The study’s authors, however, believe that the results are promising enough to invest into further, with the technology already licensed for further development and plans for trials in non-human primates already set in motion.

Does the promise of a cure warrant the risk?

Although no off-target effects from the treatment with CRISPR-Cas9 were detected in any of the mice in the study, the potential for hidden dangers when using gene modification technologies in humans is an important consideration. While these technologies should always be approached with caution, their use in this case may, arguably, be unnecessary; many in the scientific community, including officials from NIH’s National Institute of Allergy and Infectious Diseases [4], agree that undetectable viral loads in the blood of HIV patients undergoing ART treatments means that the disease cannot be transmitted, potentially making genetic interventions to remove HIV from the genome a needless risk.

These risks became especially apparent in the aftermath of a recent controversial study involving the use of CRISPR in human embryos by researchers in China [5], who chose to remove a gene implicated in HIV entry into the cell. Shortly after, another research group provided evidence linking the absence of this gene to a significant decrease in life expectancy [6], leading many onlookers to adopt a more conservative outlook when considering genetic editing in humans, especially as a permanent solution to health issues where the collateral effects of the intended modifications are not yet fully understood.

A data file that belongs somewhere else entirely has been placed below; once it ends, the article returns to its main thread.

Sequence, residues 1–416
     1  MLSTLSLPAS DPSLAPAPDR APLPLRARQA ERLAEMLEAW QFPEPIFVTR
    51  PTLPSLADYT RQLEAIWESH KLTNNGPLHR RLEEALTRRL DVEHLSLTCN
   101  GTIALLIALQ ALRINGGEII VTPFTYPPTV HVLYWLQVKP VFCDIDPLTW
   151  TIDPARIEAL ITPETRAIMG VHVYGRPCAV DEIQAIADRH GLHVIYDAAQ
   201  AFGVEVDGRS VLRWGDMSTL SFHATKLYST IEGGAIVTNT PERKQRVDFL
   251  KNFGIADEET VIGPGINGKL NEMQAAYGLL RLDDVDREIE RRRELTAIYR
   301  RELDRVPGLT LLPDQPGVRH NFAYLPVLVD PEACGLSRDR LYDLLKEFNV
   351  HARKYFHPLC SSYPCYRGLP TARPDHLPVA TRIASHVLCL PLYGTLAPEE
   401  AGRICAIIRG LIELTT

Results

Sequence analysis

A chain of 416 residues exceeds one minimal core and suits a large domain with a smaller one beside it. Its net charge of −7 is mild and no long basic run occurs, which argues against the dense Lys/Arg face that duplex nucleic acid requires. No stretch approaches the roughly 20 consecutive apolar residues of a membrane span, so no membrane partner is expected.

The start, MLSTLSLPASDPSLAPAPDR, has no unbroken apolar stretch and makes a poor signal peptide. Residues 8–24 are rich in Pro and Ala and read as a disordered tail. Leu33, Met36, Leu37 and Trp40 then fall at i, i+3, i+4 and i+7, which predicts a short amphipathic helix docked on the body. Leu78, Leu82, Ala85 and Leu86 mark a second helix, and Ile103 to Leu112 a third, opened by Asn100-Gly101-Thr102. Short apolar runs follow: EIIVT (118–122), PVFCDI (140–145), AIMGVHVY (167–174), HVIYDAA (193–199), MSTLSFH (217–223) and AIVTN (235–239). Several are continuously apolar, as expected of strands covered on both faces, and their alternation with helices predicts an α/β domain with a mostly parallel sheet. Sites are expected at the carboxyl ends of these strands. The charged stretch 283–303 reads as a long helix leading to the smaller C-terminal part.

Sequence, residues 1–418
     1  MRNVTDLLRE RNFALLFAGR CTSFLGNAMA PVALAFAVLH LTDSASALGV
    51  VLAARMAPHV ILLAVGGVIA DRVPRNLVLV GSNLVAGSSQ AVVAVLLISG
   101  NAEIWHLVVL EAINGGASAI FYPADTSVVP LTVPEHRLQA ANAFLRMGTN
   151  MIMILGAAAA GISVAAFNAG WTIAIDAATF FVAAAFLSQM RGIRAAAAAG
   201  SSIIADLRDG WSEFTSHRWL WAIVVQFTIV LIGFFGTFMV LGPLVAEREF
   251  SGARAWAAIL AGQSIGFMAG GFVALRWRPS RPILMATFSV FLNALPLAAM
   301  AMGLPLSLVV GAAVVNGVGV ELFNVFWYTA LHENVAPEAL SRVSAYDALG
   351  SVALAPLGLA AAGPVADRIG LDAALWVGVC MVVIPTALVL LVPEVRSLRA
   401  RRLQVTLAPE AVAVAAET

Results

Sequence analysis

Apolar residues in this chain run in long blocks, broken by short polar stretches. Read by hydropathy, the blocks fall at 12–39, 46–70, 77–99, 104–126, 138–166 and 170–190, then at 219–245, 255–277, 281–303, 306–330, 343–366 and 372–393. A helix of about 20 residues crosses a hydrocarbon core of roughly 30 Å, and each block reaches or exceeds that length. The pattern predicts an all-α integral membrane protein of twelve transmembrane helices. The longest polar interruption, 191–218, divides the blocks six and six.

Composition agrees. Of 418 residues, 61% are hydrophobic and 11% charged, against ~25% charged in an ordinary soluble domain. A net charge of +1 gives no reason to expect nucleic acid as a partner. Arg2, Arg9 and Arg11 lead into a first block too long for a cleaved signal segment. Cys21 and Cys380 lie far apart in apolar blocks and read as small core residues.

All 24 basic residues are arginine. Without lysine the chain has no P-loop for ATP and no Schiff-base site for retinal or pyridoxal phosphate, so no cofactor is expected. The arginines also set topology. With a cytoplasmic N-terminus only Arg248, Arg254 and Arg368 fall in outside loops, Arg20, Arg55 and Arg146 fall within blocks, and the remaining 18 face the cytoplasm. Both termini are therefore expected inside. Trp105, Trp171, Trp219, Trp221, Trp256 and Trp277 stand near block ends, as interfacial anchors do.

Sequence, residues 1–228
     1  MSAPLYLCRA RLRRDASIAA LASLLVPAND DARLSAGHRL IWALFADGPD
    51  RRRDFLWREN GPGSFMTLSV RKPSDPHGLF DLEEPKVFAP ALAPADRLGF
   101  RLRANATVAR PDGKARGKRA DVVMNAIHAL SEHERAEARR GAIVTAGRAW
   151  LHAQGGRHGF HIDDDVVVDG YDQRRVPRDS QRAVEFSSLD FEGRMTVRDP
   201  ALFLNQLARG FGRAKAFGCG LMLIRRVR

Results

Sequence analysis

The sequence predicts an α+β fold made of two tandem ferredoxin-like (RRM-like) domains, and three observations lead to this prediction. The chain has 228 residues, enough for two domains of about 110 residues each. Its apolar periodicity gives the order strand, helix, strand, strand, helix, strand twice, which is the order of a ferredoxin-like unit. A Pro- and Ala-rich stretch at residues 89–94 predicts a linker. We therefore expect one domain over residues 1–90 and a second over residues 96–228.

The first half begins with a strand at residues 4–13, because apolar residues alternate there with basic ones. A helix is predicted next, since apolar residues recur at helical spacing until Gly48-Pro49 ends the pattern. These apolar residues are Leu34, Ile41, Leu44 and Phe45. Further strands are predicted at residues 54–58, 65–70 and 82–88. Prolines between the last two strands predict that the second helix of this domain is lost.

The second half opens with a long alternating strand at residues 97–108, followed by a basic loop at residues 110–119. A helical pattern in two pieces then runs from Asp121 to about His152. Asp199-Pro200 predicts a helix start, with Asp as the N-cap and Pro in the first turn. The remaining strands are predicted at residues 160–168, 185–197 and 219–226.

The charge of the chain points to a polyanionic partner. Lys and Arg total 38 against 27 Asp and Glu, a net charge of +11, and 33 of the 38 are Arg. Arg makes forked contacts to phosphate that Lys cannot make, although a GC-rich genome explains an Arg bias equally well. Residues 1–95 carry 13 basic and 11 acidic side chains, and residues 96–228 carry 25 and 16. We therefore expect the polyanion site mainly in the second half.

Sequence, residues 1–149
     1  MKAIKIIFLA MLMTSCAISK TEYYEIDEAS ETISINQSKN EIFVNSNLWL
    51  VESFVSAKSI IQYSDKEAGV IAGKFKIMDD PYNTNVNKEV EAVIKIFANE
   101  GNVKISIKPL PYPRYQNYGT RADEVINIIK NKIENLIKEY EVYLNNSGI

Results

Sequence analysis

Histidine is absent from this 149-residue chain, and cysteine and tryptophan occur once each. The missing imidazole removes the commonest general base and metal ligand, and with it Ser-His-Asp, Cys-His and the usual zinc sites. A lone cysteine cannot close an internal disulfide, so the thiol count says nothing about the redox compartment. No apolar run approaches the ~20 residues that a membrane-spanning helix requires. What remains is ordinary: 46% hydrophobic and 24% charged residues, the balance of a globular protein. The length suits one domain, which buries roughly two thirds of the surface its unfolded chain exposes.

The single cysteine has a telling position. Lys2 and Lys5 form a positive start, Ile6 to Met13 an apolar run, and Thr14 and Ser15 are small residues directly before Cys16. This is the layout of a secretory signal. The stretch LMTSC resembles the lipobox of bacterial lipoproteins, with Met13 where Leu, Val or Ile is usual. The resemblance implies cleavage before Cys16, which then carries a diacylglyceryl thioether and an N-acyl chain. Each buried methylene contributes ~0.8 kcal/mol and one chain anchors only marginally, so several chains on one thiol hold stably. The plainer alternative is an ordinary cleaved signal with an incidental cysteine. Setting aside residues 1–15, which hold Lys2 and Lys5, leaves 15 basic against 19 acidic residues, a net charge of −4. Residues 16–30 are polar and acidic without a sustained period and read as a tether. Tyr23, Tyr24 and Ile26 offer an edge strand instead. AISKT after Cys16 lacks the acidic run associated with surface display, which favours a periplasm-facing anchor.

The study on the use of CRISPR in conjunction with LASER-ART, however, has had a positive reception in both the media and scientific community as a novel take on HIV therapy, which signifies that more innovative and permanent treatment options that build on this study’s findings could soon follow.

ORIGINAL ARTICLE: Dash, P. K. et al. Sequential LASER ART and CRISPR Treatments Eliminate HIV-1 in a Subset of Infected Humanized Mice. Nat Commun 10, 1–20 (2019).

About the writer

James Fawcett is a 2nd year VU Biomolecular Sciences master student and is interested in applications of genetic engineering in biotechnology.

Further reading:

  1. HIV Eliminated from the Genomes of Living Animals. Temple Health Available at: (Accessed: 7th August 2019)
  2. Pickrell, J. Timeline: HIV and AIDS. New Scientist Available at: (Accessed: 7th August 2019)
  3. Trickey, A. et al. Survival of HIV-positive patients starting antiretroviral therapy between 1996 and 2013: a collaborative analysis of cohort studies. The Lancet HIV 4, e349–e356 (2017).
  4. The science is clear: with HIV, undetectable equals untransmittable. National Institutes of Health (NIH) (2019). Available at: (Accessed: 7th August 2019)
  5. Cyranoski, D. & Ledford, H. Genome-edited baby claim provokes international outcry. Nature 563, 607–608 (2018).
  6. Wei, X. & Nielsen, R. CCR5-∆32 is deleterious in the homozygous state in humans. Nat. Med. 25, 909–910 (2019).